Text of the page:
In life science branches such as the medical engineering and biotechnology industry or pharmaceutical industry, by tradition the concept of cleanliness is strongly anchored in production processes. The presence of particles capable of reproduction (microorganisms) has always been considered to be especially critical to product quality and patient health. Germs can settle in corners and dead spaces where they start to multiply. In the course of production processes, these microorganisms find a way into the product flow (cross-contamination) and cause an infection. It is essential that the manufacturing environment (cleanroom) is not a source of microorganisms. To ensure this, devices, equipment and components have to be designed appropriately. Additionally, by selecting materials that are easy to clean, interactions between materials and microorganisms can be avoided.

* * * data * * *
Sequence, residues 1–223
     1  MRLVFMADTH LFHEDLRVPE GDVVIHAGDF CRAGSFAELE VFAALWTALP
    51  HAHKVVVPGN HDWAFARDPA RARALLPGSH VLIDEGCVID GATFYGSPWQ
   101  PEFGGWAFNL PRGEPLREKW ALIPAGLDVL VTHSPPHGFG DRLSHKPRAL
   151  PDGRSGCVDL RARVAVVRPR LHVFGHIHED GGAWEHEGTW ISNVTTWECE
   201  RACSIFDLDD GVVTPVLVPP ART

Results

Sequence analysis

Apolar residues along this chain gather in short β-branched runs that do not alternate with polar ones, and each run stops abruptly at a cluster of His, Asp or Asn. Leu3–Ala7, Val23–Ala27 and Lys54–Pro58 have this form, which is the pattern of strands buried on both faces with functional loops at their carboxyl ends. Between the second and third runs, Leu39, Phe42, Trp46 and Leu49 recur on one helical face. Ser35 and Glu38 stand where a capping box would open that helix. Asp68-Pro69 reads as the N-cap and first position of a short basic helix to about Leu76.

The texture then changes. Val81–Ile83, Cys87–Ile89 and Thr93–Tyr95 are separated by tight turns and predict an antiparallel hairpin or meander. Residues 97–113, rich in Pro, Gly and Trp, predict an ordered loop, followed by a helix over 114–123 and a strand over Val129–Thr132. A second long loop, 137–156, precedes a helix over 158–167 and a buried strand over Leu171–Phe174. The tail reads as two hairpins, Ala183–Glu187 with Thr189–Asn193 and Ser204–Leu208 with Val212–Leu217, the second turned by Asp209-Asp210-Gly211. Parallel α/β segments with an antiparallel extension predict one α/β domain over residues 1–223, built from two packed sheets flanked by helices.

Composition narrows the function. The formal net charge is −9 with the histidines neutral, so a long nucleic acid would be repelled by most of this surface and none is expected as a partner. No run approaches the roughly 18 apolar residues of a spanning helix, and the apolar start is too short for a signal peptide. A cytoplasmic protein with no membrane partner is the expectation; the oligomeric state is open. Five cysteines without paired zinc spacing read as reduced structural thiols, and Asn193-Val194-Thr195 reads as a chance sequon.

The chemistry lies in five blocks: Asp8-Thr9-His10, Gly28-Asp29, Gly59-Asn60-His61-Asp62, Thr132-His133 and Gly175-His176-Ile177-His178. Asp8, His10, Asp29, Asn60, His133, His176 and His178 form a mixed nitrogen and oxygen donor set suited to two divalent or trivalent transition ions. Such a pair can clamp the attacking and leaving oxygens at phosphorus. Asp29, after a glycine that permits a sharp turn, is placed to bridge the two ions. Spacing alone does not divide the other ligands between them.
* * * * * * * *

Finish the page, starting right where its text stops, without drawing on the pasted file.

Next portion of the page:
On the initiative of the various industries concerned, developments are currently being focused on drafting a guideline to regulate the cleanliness of medical products. The guideline will contain methods for deriving acceptance criteria as well as reliable, standardized analysis procedures.
For some time now, a re-think has been taking place in life science industries. It is becoming increasingly clear that it is not just germs that are capable of reproduction or fragments of pyrogenic substances which represent a risk to quality and health but also abiotic particles and filmy residues, e.g. from manufacturing processes. Our longstanding experience in many other areas of industry where contamination is an issue enables us to offer a wide range of services to analyze and control these risks: